A former Outaouais quartz mine that became a popular off-the-beaten-path tourist destination has now been blocked off to the public.
Metal barricades now restrict access to the Wallingford-Back mine near Mulgrave-et-Derry, Que., a spokesperson for the office of local MNA Alexandre Iracà told Radio-Canada on Friday.
A trench has also been dug five metres from the main entrance to keep vehicles away, they said.
Located approximately 60 kilometres northeast of Ottawa, the mine had become a popular destination for paddlers, ice skaters, photographers and other explorers, drawn to its turquoise water and imposing rock pillars.
The plan to barricade the mine was hatched after nearby residents complained about traffic, noise, litter and other nuisances along the winding private road to the site.
Officials have said that the water is contaminated and that debris is falling from the mine’s ceiling, rendering the site unsafe.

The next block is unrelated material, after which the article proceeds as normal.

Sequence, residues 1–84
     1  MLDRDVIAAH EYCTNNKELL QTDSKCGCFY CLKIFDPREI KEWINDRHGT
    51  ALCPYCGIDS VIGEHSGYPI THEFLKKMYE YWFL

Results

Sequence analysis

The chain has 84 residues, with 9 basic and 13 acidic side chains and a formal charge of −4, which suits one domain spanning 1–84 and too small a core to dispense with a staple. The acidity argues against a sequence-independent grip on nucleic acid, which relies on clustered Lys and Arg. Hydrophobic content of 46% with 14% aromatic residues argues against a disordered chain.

Shuttered since 1970s
The Wallingford-Back mine was once one of the largest producers of quartz, mica and feldspar in Canada, but has been closed since the 1970s.
Supporters of the mine have lauded the site for its natural beauty, its importance to Quebec’s mining history and its potential as a tourist site.
They spoke out vociferously after Quebec’s Ministry of Energy and Natural Resources issued an ultimatum in late 2016 to the local municipality: either invest money to secure the site, or prepare for its demolition.
In a French-language statement to Radio-Canada, Mulgrave-et-Derry Mayor Michael Kane lauded the decision to barricade the mine.
“Citizens living near the mine have been able to regain their quality of life, as parking problems seem to have disappeared and emergency vehicles can now travel [the road] without difficulty,” Kane said.